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Clear thinking in the Digital Age


Clear thinking in the Digital Age

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The ability to think critically has perhaps never been more valued, and more needed. In a world grown more complex, where our digital devices inundate us with instant information and opinion, we believe that sharpening critical thinking is a must.
While definitions of “critical thinking” vary, Harvard professor Steven Pinker’s description of the skills necessary for success in the professions is a good start: “organizing one’s thoughts so that they may be communicated clearly to others, breaking a complex problem into its components, applying general principles to specific cases, discerning cause and effect, and negotiating tradeoffs between competing values.”
MindEdge Learning commissioned a recent online survey of critical thinking skills of young adults, and found that millennials need to improve their cognitive skills for their civic and professional futures.
Skills for the future
Employers seek out critical thinkers because they make better decisions and “work smarter.” The careers of the future will require people who can analyze data, arrive at conclusions, find solutions, and effectively communicate to others. By 2020, complex problem solving and critical thinking will be the top two skills workers need, according to chief human resources and strategy officers surveyed by the World Economic Forum.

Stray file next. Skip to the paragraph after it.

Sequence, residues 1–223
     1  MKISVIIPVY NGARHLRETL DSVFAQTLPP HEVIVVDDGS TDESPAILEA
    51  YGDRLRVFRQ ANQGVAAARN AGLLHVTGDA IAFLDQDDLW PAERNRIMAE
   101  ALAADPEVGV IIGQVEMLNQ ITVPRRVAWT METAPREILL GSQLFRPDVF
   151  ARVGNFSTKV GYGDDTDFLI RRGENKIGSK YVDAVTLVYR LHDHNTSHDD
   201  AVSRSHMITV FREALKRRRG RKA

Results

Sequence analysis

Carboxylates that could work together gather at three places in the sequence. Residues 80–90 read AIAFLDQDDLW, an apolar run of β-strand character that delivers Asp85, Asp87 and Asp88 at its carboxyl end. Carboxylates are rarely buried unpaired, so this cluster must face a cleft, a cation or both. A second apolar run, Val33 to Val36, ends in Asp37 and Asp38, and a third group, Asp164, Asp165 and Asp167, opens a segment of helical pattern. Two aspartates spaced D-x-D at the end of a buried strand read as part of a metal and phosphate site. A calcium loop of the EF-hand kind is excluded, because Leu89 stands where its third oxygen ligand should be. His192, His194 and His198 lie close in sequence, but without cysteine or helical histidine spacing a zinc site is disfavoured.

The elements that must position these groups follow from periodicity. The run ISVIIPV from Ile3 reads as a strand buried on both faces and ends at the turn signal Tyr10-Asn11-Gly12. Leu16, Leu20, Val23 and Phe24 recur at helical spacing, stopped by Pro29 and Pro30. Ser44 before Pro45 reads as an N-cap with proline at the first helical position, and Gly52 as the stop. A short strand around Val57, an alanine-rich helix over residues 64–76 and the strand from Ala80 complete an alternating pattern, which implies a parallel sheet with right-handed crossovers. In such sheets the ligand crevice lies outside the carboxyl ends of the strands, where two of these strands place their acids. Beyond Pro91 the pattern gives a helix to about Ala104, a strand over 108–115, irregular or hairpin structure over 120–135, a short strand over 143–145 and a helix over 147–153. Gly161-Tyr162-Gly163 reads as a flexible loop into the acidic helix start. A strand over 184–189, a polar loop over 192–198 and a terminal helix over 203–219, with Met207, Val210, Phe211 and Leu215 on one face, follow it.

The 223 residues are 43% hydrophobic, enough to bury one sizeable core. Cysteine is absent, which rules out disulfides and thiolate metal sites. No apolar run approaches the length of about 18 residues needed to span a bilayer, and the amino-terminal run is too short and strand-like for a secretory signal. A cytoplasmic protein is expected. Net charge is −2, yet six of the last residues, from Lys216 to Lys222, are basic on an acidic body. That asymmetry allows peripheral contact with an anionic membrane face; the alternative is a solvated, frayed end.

On the civic front, sustaining our democratic system requires people who can intelligently debate the pros and cons of the issues, separate reality from partisan rhetoric, and make reasoned political decisions. With liberal democracy under assault around the world, we need citizens who are engaged, informed, and clear thinkers.
At the same time as these skills have grown in importance in both business and the political sphere, there are clear signs that our educational system isn’t adequately meeting the challenge. For example, fewer than half of 1,000 hiring managers surveyed by Harris Interactive in 2013 felt that recent college graduates were equipped with solid problem-solving skills—yet 69 percent of students believed they were “very or completely prepared for the workplace.”
Even more disturbing: the results of a 2016 Stanford University study of “civic online reasoning” (defined as “the ability to judge the credibility of information that floods young people’s smartphones, tablets and computers”). Some 93% of students surveyed at six different universities were unable to identify a lobbyist’s website as a biased source. Further, fewer than a third of the students could recognize how the political agendas of certain organizations might influence their social media posts.
The Stanford researchers added that “we would hope college students, who spend hours each day online, would look beyond a .org URL and ask who’s behind a site that presents only one side of a contentious issue. But in every case and at every level,we were taken aback by students’ lack of preparation.” They called this deficiency a “threat to democracy.”